Stimulus Check Now Weeks Away After Senate Leaves Washington With No Deal


It's going to be a long time before any stimulus checks go out. Even though Democrats and Republicans agreed on a second stimulus check, they weren't able to come to a consensus on many other issues addressed in the latest relief package. Because of the stalemate, Senators have now gone home and they won't be returning until after Labor Day in early September, which means there will be no deal and no checks until mid-to-late September at the earliest.

As Senate Majority Leader Mitch McConnell wrapped the Senate's session until September 8, he stated, "We will have our regular pro forma meetings through the end of the state work period. If the Speaker of the House and the minority leader of the Senate decide to finally let another package move forward… it would take bipartisan consent to meet for legislative business sooner than scheduled." In the unlikely chance they do somehow reach an agreement before the 8th, Senators will get at least 24 hours notice to come back to the Capitol.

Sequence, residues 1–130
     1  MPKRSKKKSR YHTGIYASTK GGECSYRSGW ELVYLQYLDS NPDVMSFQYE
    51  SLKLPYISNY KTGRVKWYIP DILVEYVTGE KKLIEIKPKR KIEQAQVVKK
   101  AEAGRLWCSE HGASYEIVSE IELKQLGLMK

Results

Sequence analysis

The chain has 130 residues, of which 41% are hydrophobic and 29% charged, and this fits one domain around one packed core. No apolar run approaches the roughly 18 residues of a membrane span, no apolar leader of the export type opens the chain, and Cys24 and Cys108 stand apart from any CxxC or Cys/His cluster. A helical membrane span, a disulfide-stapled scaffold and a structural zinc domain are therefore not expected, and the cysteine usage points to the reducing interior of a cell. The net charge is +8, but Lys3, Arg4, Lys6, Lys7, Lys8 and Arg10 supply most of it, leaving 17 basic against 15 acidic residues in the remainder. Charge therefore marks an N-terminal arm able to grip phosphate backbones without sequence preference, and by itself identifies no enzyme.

Whenever a deal is made, the bill will then need to be drafted and passed in the Senate before moving on to the House, which will also have to pass it. However, they don't return from their recess until September 14th. President Trump also needs to sign off on the bill and only then can checks get sent out. That entire process would take at least a nine or ten days.

As for what the check will look like, it's expected to be $1,200 for anyone making less that $75,000 a year, or $2,400 for joint filers earning less than $150,000. Any person making more than $75K or any joint filers earning over $150K will have their check reduced by 5% of how much more they make over those amounts. Qualified Americans will also get an extra $500 for each dependent.

The back-and-forth between the parties has been going on since May, when the House passed the Health and Economic Recovery Omnibus Emergency Solutions (HEROES) Act, which included a second check, but also had a three trillion dollar price tag. Senate Republicans shot it down, but on July 27th, Majority Leader Mitch McConnell announced the Republicans' plan. Unfortunately, not only were Democrats against portions of it, but some Republicans were as well. Negotiations took place and there were reports a deal might be reached by the end of last week so that the bill could pass this past Monday, but obviously that hasn't happened.

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